All in all, a fantastic experience (and bonus points for running into Food Club Captain Eric Wareheim, who was seated at a table behind us). Have no doubt, the bar for sushi in Downtown has been raised, far, far beyond anything else that's being offered at the moment. There's nothing that even comes close in the area. In fact, I think I like this place even better than the original Sushi Zo. The fish, the shari, even the service, everything was pretty much spot on. It was one of my best sushi experiences ever in LA, and to top it all off, Keizo-san seemed rejuvenated, reinvigorated, with a friendlier demeanor (shared by all three chefs) that made the meal all the better. Sushi fiends, this is one that has to be on your hit list.




Sushi Zo, unfortunately, never really did desserts, so the last time we were there, we headed to the Rite Aid across the parking lot to pick up some Thrifty brand ice cream in order to cap off the night. To keep with tradition, we located a Rite Aid at 5th and Broadway and walked on over following dinner.

Peddler's Creamery Mexican Chocolate / Cardamom
On the way, however, we stumbled upon Peddler's Creamery and decided to stop in. I opted for a Double Scoop [$6.50] comprised of their vegan Mexican Chocolate and Cardamom, which I also believe was vegan. The chocolate was tasty enough, but, unsurprisingly, didn't quite have the lushness or richness of a classic ice cream given its lack of dairy. This austerity was more apropos in the Cardamom, which showed off a wonderful sweet spice that I rather liked, especially when taken in concert with the chocolate.

Rite Aid (Thrifty) Ice Cream Black Cherry / Chocolate Malted Crunch
We did eventually reach our initial destination though. Again, I went with a Double Dip [$2.49] of Chocolate Malted Krunch (my childhood fav) and Black Cherry, the combo I enjoyed last time. I don't think Thrifty's and its signature cylindrical scoops will ever get old. It's a sort of old-school style of ice cream that always brings me back--a perfect, if somewhat nostalgic conclusion to the evening.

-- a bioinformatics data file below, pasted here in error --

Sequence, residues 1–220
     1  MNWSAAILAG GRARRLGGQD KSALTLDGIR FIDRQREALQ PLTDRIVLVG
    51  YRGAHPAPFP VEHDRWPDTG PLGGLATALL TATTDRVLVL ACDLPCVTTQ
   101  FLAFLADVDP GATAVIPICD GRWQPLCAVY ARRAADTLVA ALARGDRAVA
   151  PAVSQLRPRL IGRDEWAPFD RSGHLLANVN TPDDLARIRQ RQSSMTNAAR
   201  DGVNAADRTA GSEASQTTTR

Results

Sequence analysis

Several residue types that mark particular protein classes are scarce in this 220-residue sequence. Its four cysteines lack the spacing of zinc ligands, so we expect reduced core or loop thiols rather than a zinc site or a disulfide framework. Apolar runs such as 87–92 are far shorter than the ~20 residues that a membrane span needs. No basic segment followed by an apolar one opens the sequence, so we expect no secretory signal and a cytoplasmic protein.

4 Comments:

OpenID bunnyandporkbelly.com said...

darn i wannna go

Wednesday, October 23, 2013 8:24:00 PM  
Blogger Evan said...

Hey Kevin: Hoorah! Looked amazing... cant wait to go....Might have to rent a condo in the building....Woiuld be awesome room service.

Luis Roederer Champagne, Louis' Spanish cousin!! I'm going to pick up a few bottles, that is a rarity!

Thursday, October 24, 2013 10:01:00 AM  
Anonymous S Lloyd said...

Kevin,
Do they source most of their seafood directly for Japan, or from wherever they deem worthy in hs US as well as in Asia?

Thursday, October 24, 2013 8:39:00 PM  
Blogger kevinEats said...

Jieying: Well, if you ever find yourself in LA and are craving sushi, you know where to go now.

Evan: Yeah, you'd think Luis would come in cheaper than $450 a bottle though. ;)

S Lloyd: It would be the latter option, and in fact, the Chef was quick to tell us where the various fish were sourced from.

Monday, October 28, 2013 2:22:00 AM  

Post a Comment

Subscribe to Post Comments [Atom]

Links to this post:

Create a Link

<< Home